Student-Based Budgeting Gives Principals More Autonomy

March 25, 2013

The nation's third largest school district, Chicago Public Schools (CPS), will begin implementing student-based budgeting in the 2013-2014 school year. Like many other districts across the country, CPS will begin funding students, not institutions, while granting principals more autonomy over their school's budget. The change will increase equity, fiscal transparency and school performance, says Katie Furtick, a policy analyst with Reason Magazine.

  • A pilot program covering 40 schools citywide was implemented six years ago and the success of the program is leading to full implementation.
  • Despite success with the more equitable per-pupil school funding, some detractors, like the Chicago Teachers Union, believe the change will have negative consequences.
  • The president of the teachers union warns that giving principals more autonomy will incentivize principals to hire less expensive novice teachers and discriminate against veteran teachers.

The current formula provides one teacher for every 28 to 31 students (depending on grade level) and one assistant principal, an art or music teacher and a librarian or gym teacher for every 750 students in a school.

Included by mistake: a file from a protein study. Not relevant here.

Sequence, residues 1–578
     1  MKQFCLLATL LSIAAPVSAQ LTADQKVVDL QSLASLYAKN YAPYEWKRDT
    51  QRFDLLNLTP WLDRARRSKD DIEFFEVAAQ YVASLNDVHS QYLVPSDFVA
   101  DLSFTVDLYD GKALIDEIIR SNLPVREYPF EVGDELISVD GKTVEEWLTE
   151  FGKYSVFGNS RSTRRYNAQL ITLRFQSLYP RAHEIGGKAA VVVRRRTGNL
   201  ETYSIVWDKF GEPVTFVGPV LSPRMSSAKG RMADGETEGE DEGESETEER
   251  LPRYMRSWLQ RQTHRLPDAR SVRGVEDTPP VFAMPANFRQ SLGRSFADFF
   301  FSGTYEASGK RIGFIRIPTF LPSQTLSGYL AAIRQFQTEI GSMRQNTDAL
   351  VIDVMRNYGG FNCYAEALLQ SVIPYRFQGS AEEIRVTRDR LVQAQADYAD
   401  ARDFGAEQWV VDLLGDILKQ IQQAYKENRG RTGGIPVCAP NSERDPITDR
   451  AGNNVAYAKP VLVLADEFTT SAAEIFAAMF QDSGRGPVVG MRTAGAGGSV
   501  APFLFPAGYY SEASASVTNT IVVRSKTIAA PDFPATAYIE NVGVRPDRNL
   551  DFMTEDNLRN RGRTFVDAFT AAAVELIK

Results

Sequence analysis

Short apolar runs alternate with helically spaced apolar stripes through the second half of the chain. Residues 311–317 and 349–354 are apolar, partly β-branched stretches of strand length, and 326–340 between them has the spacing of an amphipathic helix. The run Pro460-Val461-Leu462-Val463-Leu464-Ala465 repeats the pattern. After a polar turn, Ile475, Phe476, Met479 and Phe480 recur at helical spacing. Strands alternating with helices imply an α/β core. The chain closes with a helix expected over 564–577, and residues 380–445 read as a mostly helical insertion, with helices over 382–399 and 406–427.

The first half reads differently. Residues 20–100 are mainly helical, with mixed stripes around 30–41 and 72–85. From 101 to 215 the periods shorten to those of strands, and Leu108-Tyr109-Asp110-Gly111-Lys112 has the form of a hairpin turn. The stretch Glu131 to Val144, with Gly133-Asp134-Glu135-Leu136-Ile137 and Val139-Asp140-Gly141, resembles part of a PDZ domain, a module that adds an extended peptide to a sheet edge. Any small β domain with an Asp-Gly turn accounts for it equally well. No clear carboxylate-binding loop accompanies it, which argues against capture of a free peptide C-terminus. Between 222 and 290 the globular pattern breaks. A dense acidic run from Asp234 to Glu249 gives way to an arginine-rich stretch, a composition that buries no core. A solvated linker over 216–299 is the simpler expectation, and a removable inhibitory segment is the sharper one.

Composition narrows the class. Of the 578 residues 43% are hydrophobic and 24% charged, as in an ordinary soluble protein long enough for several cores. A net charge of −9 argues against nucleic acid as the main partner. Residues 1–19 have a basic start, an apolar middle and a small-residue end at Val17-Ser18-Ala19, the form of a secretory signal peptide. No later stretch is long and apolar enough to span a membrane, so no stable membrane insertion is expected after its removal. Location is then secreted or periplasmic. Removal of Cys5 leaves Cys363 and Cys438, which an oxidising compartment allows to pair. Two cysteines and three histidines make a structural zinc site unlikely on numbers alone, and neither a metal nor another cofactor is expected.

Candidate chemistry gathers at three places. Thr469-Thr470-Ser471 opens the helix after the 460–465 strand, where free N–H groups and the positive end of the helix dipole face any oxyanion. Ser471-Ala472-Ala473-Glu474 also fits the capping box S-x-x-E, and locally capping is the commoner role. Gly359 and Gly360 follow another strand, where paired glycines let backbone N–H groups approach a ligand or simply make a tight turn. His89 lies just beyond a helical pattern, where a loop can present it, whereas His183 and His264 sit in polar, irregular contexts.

• Under the current formula, schools with more experienced teachers receive more funds.
  • The student-based budgeting will correct this problem by funding schools with actual dollars instead of staffing positions.
  • Baltimore Public School, which implemented student-based budgeting in 2008-2009, made great strides in raising the number of public schools that were within 10 percent of the district's median per-pupil expenditure.

Aside from being more equitable for students, the new budgeting procedure creates more transparency in how schools are funded. It replaces complicated formulas with one single formula applied to all schools.

  • Under the new budgeting guidelines, CPS principals will gain autonomy over 50 percent of school budgets and must submit and receive approval for each school year's budget.
  • The remaining 50 percent, for programs like special education, magnet schools, English proficiency programs and Title I, will continue to be awarded through the old funding formula.
  • By allowing the principals more autonomy, each school's administration will be able to use its resources to best help its student population.

Source: Katie Furtick, "Chicago Schools to Implement Student-Based Budgeting and Principal Autonomy," Reason Foundation, March 18, 2013.

 

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